Being visually impaired, Janki Goud became the National Blind Champion.
In the state of Madhya Pradesh in northern India, where Goud lives, rape is among the most common crimes against women. The region accounted for 4,882 of the 38,947 cases of rape reported nationally in 2016, the most recent year for which statistics are available.
Janki Goud, from Kurre, Pipariya in Jabalpur District, Madhya Pradesh has become a National Blind Champion. Being visually impaired since birth, her parents are worried about her safety. In 2010, Sightsavers along with its NGO partner Tarun Sanskae took Janki under their vision.
To help them out, a nongovernmental organization Sightsavers started giving judo classes so that women could defend themselves in any such threat situation.
After training and intervention, Janki became aware of her rights and became independent. She has been trained in self- defense and Judo since 2014. Through her sincere dedication and hard work towards her sport made her achieve silver and gold medals respectively at the Fourth and Fifth National Blind Champion.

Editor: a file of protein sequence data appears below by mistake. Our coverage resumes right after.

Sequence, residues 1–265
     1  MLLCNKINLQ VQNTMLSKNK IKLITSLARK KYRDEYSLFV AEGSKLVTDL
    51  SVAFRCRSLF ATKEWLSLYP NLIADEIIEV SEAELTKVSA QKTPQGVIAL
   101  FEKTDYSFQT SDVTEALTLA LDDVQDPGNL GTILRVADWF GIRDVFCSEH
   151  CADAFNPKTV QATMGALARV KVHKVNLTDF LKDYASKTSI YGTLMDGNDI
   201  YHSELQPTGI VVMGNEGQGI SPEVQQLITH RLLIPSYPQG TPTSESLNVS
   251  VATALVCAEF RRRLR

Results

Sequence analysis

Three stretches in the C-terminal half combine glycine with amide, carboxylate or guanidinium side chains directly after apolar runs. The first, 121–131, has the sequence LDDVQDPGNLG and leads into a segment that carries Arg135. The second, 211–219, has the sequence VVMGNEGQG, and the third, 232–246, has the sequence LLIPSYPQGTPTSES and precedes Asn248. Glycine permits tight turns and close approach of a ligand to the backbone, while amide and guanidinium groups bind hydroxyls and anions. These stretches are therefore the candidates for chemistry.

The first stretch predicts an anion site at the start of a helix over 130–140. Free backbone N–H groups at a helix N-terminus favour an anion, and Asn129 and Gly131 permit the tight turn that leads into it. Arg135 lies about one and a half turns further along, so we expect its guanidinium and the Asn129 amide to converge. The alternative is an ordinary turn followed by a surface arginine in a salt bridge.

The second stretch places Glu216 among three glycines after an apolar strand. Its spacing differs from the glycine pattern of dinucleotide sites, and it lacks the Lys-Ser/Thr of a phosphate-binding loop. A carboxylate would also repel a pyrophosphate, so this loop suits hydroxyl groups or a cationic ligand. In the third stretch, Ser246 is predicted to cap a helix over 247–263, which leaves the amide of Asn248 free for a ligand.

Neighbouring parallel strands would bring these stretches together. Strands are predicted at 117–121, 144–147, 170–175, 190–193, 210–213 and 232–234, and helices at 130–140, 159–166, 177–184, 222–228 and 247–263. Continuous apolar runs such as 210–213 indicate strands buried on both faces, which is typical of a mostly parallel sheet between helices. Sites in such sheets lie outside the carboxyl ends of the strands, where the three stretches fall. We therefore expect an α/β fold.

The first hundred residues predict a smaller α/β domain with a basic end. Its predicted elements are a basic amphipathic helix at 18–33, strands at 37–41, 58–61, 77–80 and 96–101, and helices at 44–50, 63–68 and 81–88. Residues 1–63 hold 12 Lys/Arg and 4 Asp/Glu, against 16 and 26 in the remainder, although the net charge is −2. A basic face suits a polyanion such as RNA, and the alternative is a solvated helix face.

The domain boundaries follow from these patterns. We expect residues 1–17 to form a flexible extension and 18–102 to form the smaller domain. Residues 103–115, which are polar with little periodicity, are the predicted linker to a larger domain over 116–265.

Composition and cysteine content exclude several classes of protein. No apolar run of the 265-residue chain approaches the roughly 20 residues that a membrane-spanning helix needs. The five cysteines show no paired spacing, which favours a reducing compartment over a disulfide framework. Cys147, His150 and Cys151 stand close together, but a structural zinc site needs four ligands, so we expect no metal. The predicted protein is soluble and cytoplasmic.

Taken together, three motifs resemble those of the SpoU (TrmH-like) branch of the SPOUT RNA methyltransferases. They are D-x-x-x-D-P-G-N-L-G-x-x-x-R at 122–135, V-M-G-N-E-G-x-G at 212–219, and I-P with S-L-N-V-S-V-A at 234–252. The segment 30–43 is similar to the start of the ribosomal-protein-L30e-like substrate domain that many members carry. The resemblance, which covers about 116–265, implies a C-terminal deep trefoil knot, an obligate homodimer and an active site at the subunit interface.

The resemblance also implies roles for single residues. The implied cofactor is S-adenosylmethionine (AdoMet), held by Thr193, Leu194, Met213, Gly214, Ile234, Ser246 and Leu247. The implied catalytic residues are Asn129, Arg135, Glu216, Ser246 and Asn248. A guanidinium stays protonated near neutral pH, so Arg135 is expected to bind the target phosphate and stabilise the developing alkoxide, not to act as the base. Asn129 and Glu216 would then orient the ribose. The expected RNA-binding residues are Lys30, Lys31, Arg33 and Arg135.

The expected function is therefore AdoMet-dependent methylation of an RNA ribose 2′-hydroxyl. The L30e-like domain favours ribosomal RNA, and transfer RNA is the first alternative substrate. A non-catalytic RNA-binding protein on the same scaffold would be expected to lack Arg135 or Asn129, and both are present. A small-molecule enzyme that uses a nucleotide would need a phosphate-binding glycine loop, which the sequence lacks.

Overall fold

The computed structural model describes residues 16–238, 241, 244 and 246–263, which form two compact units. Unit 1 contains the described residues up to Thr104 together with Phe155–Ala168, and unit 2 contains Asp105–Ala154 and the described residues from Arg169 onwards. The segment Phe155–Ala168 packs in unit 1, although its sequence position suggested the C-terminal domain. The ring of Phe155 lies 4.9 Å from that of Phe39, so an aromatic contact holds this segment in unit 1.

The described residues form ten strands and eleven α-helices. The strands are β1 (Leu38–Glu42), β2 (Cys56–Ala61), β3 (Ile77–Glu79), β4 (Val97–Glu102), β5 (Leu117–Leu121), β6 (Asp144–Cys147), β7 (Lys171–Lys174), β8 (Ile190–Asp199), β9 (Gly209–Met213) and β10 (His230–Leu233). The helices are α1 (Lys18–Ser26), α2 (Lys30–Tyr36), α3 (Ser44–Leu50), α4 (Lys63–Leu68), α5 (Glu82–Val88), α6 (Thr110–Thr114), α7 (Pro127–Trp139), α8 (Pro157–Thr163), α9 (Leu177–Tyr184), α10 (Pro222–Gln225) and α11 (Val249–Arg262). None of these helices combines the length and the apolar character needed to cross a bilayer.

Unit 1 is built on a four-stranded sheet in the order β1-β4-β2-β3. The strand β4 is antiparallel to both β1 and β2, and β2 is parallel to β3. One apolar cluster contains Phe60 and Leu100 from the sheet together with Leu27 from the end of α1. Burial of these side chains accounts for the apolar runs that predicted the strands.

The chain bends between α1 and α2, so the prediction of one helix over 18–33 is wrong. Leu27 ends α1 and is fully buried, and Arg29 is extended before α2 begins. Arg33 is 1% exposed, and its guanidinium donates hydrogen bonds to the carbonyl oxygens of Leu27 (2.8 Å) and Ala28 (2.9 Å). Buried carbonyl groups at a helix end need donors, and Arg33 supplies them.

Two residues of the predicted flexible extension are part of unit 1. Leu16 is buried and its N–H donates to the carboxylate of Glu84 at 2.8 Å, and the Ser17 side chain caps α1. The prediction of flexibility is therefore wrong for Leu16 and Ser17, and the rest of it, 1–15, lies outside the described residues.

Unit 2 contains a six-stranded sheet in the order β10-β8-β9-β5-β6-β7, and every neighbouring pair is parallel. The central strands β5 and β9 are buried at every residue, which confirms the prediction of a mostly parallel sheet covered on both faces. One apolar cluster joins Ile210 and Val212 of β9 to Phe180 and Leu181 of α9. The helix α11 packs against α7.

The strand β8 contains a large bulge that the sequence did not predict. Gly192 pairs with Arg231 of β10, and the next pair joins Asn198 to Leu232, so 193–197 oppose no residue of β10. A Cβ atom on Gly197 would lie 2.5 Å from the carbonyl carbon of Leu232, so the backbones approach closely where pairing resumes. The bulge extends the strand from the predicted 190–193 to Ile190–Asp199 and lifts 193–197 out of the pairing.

“We started self-defense and judo because the women living in this area with disabilities expressed so much fear that they could face abuse and attacks if they traveled unaccompanied outside their homes”, said Jayashree Kumar, the program manager of Sightsavers.
Her remarkable performance at the National Blind Championship was her ticket to represent India at the Judo Asian and Oceania Championship held at Tashkent, Uzbekistan from 22to 29 May 2017. She was among the 14 participants from dive different states of India, against Thailand, Korea and Uzbekistan and made us proud by winning us a Bronze Medal.
“In my village, I did not have any problems because of my blindness. But when I go to the neighborhood around, my movements are restricted. Then, when nobody is with me and I can’t see, some people try to take advantage of that opportunity”, said proud Janki The National Blind Champion.